Sensitive Teeth

Having sensitive teeth generally means that you have some type of pain or discomfort in our teeth. This discomfort can result from eating or drinking something cold, hot or sweet. There are two main types of sensitive teeth. One of the types is when the dentin of your tooth is bare. Here are some things that will let you know if you have sensitive teeth:

  • Drinking or eating hot things
  • Eating sweets
  • Touching the teeth with other teeth or the tongue

Dental sensitivity occurs when the dentin (middle layer) of a tooth is exposed. Normally, the dentin is covered by enamel above the gum line and by cementum below the gum line. Dentin is made up of tiny openings called tubules. Inside each tubule lies a nerve branch that comes from the tooth’s pulp (the nerve center of the tooth). When the dentin is exposed, cold or hot temperature or pressure can affect these nerve branches. This causes sensitivity.

Dentinal sensitivity occurs when the outer protective layers of enamel are removed, exposing the dentin in one or more teeth. Some causes of dentin exposure include brushing your teeth too hard. Brushing your teeth too hard can wear the enamel of your teeth away. Having poor oral hygiene can increase your chances of getting sensitive teeth. This may allow tartar to build up at the gum line. Long-term tooth wear. Untreated cavities, an old filling with a crack or leak, receding gums that expose the tooth’s roots, and receding gums often are caused by periodontal diseases or by brushing too hard. Gum surgery that exposes a tooth’s roots. Tooth whitening in people who have tooth roots that already are exposed. Frequently eating acidic foods or drinking acidic beverages. Pulpal sensitivity is a reaction of the tooth’s pulp. The pulp is a mass of blood vessels and nerves in the center of each tooth. Pulpal sensitivity tends to affect only a single tooth.

Causes include:

  • Decay or infection
  • A recent filling
  • Excessive pressure from clenching or grinding
  • A cracked or broken tooth
  • If you feel a sharp pain upon biting, you may have a broken or cracked filling.
  • Pain when you release a bite is a sign of a cracked tooth.


Both dentinal and pulpal sensitivity usually involve reactions to temperature or pressure. Sensitivity to cold drinks or foods is the most common symptom. Less often, the teeth are sensitive to hot temperatures. If a single tooth becomes sensitive to heat, the tooth’s nerve may be dying. In this case, root canal treatment is necessary.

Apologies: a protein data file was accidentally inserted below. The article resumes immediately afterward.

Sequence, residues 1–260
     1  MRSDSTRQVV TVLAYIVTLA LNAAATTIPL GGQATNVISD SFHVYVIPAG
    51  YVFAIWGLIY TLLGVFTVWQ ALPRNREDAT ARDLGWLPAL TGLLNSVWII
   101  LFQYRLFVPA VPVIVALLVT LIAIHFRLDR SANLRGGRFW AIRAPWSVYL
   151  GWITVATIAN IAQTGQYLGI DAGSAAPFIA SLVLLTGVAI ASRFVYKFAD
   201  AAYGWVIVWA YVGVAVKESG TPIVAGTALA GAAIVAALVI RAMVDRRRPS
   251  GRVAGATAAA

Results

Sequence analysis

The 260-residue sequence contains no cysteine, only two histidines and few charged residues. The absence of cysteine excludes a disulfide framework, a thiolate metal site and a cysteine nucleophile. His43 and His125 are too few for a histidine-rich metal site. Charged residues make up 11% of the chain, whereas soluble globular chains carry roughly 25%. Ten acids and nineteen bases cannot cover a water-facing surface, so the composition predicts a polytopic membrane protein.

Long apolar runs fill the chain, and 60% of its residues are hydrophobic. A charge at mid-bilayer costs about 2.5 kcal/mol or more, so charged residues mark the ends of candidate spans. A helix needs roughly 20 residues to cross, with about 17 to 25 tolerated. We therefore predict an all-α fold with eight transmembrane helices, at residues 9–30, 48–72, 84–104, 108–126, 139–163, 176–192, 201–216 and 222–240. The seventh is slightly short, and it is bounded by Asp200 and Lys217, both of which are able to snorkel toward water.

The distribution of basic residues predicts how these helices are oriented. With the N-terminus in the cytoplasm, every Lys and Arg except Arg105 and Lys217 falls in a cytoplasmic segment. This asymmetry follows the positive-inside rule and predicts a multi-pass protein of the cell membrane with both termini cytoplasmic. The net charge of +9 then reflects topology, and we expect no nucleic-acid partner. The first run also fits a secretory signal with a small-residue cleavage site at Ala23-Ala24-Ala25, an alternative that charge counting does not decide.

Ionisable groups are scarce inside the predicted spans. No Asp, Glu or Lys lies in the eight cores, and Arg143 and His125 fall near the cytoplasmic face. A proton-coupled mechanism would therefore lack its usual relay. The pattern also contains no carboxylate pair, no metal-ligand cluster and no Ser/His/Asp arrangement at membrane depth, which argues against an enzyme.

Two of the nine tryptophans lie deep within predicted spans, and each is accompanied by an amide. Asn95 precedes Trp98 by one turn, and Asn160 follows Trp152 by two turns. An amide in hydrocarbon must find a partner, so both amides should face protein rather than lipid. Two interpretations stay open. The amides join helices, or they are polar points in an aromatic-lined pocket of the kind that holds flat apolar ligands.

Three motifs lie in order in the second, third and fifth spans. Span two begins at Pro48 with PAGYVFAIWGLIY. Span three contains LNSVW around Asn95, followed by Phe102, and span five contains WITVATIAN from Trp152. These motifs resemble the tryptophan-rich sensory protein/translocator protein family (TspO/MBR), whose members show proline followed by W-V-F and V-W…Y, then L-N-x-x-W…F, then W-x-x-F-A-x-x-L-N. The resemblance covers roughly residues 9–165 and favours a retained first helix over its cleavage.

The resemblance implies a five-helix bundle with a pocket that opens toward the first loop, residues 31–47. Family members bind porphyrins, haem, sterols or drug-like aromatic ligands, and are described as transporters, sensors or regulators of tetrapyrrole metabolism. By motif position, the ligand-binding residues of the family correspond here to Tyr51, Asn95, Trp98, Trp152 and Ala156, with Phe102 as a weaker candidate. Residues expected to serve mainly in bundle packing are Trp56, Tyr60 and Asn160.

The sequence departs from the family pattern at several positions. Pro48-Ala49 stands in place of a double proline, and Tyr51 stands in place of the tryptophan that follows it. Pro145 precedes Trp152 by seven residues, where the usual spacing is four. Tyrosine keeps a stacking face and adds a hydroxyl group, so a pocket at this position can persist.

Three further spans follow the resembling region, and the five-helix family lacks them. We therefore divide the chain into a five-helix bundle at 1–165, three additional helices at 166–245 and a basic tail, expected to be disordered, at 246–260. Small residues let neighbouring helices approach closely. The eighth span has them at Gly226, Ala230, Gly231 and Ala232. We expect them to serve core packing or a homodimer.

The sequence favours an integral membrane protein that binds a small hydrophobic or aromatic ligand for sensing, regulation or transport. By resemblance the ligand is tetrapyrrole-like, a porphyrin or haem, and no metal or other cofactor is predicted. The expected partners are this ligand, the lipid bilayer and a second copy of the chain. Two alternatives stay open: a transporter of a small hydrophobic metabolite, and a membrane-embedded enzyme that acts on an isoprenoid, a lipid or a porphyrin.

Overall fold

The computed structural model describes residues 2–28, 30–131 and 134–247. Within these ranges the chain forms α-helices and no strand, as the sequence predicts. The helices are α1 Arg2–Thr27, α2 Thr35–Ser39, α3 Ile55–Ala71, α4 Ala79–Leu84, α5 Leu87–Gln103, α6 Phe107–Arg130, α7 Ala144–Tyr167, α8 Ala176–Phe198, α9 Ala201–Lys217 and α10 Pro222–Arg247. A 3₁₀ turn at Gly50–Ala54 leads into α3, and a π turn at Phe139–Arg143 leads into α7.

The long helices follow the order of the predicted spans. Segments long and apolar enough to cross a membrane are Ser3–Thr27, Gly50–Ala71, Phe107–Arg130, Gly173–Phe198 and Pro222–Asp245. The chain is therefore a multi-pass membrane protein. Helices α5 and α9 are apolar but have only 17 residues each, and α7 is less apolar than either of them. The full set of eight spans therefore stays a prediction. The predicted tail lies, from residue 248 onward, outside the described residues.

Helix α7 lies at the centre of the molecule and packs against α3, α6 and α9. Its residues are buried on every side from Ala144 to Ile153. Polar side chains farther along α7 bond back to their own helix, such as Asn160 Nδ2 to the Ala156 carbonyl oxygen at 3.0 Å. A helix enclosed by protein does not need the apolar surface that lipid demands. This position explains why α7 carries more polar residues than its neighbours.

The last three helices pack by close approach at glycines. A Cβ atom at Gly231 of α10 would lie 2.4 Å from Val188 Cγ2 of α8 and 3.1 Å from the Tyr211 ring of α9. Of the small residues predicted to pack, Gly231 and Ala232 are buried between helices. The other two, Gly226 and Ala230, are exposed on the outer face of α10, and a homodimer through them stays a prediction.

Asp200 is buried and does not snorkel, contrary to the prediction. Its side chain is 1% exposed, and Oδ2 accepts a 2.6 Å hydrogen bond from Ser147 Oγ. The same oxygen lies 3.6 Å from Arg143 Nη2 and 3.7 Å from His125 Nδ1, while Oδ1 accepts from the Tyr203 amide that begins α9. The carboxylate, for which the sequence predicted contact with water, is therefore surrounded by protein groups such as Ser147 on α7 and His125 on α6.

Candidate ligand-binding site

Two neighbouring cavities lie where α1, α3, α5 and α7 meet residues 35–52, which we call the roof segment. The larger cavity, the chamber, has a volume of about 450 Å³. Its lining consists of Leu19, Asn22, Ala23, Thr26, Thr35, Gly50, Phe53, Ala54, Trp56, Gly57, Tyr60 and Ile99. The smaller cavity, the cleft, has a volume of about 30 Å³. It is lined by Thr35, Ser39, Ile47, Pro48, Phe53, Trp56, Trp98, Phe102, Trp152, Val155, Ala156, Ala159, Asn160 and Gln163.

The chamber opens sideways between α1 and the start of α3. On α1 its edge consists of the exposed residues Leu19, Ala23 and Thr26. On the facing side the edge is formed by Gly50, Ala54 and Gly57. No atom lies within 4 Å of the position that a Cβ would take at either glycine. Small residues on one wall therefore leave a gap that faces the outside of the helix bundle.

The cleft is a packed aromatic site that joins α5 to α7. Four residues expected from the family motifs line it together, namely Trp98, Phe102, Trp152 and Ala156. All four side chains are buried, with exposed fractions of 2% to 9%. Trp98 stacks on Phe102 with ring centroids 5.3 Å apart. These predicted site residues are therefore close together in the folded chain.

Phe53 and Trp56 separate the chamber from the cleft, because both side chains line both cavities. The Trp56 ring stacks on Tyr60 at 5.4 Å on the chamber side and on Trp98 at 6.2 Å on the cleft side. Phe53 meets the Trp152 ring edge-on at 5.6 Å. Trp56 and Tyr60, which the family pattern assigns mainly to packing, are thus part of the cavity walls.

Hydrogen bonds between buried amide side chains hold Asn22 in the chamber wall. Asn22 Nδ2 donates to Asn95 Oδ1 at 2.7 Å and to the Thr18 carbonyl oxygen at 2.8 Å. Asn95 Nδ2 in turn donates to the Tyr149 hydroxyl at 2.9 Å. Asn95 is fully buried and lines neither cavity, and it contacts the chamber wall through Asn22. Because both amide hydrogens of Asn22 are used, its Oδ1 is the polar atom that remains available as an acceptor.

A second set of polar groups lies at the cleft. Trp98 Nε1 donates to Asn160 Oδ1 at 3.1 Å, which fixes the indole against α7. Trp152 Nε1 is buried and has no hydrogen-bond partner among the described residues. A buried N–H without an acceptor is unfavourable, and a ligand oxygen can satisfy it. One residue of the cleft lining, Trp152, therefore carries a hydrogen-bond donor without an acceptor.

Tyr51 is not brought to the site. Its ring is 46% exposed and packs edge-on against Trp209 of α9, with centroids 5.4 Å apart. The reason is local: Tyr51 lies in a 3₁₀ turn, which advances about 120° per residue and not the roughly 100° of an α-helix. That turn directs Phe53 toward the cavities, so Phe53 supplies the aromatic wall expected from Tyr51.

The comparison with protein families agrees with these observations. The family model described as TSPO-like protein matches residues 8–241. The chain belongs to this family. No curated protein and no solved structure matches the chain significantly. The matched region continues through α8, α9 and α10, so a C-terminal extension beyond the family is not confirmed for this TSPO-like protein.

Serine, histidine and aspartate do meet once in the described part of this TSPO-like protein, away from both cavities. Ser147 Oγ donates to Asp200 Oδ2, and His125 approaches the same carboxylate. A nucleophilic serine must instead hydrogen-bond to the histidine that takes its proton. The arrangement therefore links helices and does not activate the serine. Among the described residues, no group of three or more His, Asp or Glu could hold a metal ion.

How to Check

Your dentist will look at your dental history and will examine your mouth. You also will need X-rays to show if there is decay or a problem with the nerve. He or she will ask about your oral habits. Grinding or clenching your teeth can contribute to sensitivity. Your dentist also will look for decay, deep fillings and exposed root surfaces. He or she may use an explorer — a metal instrument with a sharp point— to test teeth for sensitivity.

A tooth may be sensitive to cold for several weeks after a filling is placed. The metals in amalgam (silver) conduct the cold very well, transmitting it to the pulp. Bonded (tooth-colored) fillings require etching the tooth with acid before the filling is placed. In some cases, this etching removes enough enamel to make the tooth sensitive. However, advances in bonding now make it less likely to cause tooth sensitivity. Your dentist can conduct tests to see if you need root canal treatment.

How to Prevent Sensitive Teeth

You might be able to reduce your chances of dentinal sensitivity by:

  • Brushing twice a day and flossing daily
  • Using a soft or ultra-soft toothbrush and brushing gently up and down, rather than side to side
  • Using a fluoride toothpaste and mouth rinse
  • Using a toothpaste that provides protection against sensitivity
  • Getting treatment for grinding or clenching your teeth


Dentinal sensitivity is quite treatable, whatever the cause. Your dentist or dental hygienist will clean your teeth. If your teeth are too sensitive to be cleaned, your dentist may use a local anesthetic or nitrous oxide before the cleaning.

After a cleaning, your dentist may apply a fluoride varnish to protect your teeth. This temporarily reduces sensitivity. It also strengthens your teeth. Your dentist may apply an in-office treatment for sensitivity. These products block the openings (tubules) in your teeth and reduce sensitivity. A newer approach is to use a dental laser. The laser treatment also alters the tubules to reduce sensitivity.